In summary, the photos are incredible, but the book itself should have been written by a real Bond fan.
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I did not really know what to expect from LIFE's 50 Years of James Bond. I received it yesterday, opened the package, removed the book and started flipping through the pages. There were probably a lot of things I would not have liked had I been younger and back in the day. But, as I flipped through the pages I found them, the images and photographs rather endearing. I found myself reminiscing. I had seen DR. NO when it was first released, not even realizing it was a James Bond film. I was too young. But, when GOLDFINGER came out, I remembered the opening gun barrel that I saw in DR. NO again, like Deja Vu. And then there was the Aston Martin, the man with the steel hat, the golden girl and all the rest. I was a kid, but I was hooked from that point on. As I flip through this book again, I see and remember and know that am still hooked and always will be. Yes, I like this book. It not the best book on Bond nor the worst. It is just about James Bond with a very nostalgic visual style and with snippets here and there about what happened, how it came about and such. At this stage of the game, I do not even get too hung up on accuracy any more. Just let it flow. Just enjoy the moment.
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I over all enjoyed the review of Bonds first 50 years. I liked the box office reports that shows what the gross's would be by todays standards.

However, the writers of this book nearly lost me with the review for On Her Majesty's Secret Service which they called "more than a little bit lost"?! Are they nuts? When it first came out it was met with some criticism, trying to carry the torch after Connery, but it has since been met with universal praise from film historians, critics, and fans alike. It is regarded as one of the best adaptations of Fleming's novels and one of the best Bond films of all time. I mean are the LIFE writers from the 60's? Modern critics have given an 82% approval rating and In September 2012 it was announced that On Her Majesty's Secret Service had topped a poll of Bond fans run by 007 Magazine to determine the greatest ever Bond film. Goldfinger came second in the poll and From Russia With Love was third. Catch up to the present consensus LIFE. .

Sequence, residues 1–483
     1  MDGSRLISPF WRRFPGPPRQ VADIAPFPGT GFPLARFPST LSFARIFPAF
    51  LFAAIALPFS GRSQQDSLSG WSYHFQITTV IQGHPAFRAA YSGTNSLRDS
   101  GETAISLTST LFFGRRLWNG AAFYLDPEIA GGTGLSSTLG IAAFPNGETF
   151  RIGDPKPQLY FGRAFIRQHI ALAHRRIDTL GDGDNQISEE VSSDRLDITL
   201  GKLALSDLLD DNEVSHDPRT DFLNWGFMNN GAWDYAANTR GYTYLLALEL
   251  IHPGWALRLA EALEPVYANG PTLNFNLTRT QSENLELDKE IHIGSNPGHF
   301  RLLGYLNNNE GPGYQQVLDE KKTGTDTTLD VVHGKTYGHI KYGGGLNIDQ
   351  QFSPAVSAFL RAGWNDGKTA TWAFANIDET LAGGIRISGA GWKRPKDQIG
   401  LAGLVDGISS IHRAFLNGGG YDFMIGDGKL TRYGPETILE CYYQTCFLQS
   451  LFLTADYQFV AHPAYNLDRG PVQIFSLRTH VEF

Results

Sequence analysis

They even got it wrong when the labeled OHMSS a flop. It had a budget of $7 million and made back over 11 times that with $80 million which by todays standards is over $400 million. And they call that a flop?! Presently Avengers had a budget of $220 million and made back $1.5 billion, which is about 7 times it's budget. So OHMSS actually made back more of a profit in comparison to it's budget than Avengers and yet Avengers is considered a huge success. At the time OHMSS was released it was considered a disappointment in comparison to what the Connery films grossed, Thunderball was at $141 million, but that certainly doesn't make OHMSS a flop. You people need to get your facts straight.